It's smartly designed, sustainably built, and tougher than denim—a product we're proud to place the Sunset name on.

Sometimes magical things happen in Los Angeles. Sometimes you’re just trying to sell an old Yeti cooler on Craigslist, but then the guy who shows up to buy it happens to work for a local hempwear company, and when he learns that you work at Sunset, he suggests a collaboration. And then you check out the company and learn that it’s LA’s incredible White Bark Workwear (whose projects include a kitchen apron for Bon Appétit), and that owner Charlie Pennes shares a philosophy with Sunset itself: We want clothing to be as sustainable and organic as the food we grow.

All of which is a long way of saying: We have a brand-new Sunset garden apron! It’s made of 100 percent organic hemp, which is breathable, super strong (30 percent tougher than denim!), naturally antimicrobial, and produced from regenerative crops. What’s more, it was designed (stylishly!) from the ground up with serious gardeners in mind.

The utility pockets are gusseted to expand and provide extra space for tools, twine, and garden clippings and other types of yard debris.

Thomas J. Story

The Sunset Garden Apron, $125

When Pennes got the brief, he first called his sister, Sophie, the founder of Urban Farms LA, which builds edible organic gardens across the city. From her—and from other gardeners he knows, from Venice to Sonoma to Sacramento—Pennes learned what mattered. Durability was key, of course, in part because this is a garment that needs to put up with rocks, dirt, twigs, and thorns, but also because Pennes wanted to make a garment that lasted, not some annual throwaway.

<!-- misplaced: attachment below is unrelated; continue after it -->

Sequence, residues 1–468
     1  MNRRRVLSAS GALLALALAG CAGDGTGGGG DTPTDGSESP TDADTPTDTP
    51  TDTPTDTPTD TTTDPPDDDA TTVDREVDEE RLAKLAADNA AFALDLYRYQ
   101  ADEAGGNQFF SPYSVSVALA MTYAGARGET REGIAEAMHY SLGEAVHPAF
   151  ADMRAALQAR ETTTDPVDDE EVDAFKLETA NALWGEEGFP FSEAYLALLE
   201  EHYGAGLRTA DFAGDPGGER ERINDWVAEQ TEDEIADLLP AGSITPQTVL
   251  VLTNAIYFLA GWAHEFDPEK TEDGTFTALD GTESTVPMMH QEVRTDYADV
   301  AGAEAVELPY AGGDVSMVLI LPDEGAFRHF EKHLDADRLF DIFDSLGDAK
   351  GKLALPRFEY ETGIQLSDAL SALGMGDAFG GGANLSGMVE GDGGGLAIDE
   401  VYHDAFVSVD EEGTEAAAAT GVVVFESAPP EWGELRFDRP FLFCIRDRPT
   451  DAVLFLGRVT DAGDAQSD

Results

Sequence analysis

Big pockets were important, too, for holding anything and everything—Sharpies and notepads, measuring tape and twine, gloves, phones, clippings, turnips. The ones Pennes designed are at once capacious but slim, and reinforced for lasting strength.

But pockets aren’t everything to gardeners, whose common tools—shears, sickles, and knives—often already come with their own sheaths and don’t always make sense buried deep in pockets. Instead, Pennes designed utility loops that such tools can clip onto (either through their sheaths or via carabiners), and remain in easy reach.

“I tried to take something tried-and-tested and beef it up with something that could be more modular for someone working in a garden,” Pennes said. “They have everything on them, they have extra space but not so much space that you’re falling over.”

Modular utility loops are ready to take on carabiners, glove clips, and other accessories.

Thomas J. Story

While Pennes works with hemp on all products, there’s a special poetry to his having created a gardening apron. “My whole mission is that your clothing and your food are grown in the same soil,” he said. “Especially now with Covid, people don’t have access to the food supply. They’re freaking out, but they’re realizing they can grow their own vegetables that are better than the store. By using hemp, which doesn’t require herbicides or pesticides, it really ties together the notion—it’s technically biodegradable fabric. Otherwise, it’s like, What are you doing?

We hope you’ll enjoy wearing and using the Sunset Garden Apron as much as we’ve enjoyed working with Pennes on its design. It’s available right now, for $125, on

The Sunset Garden Apron, $125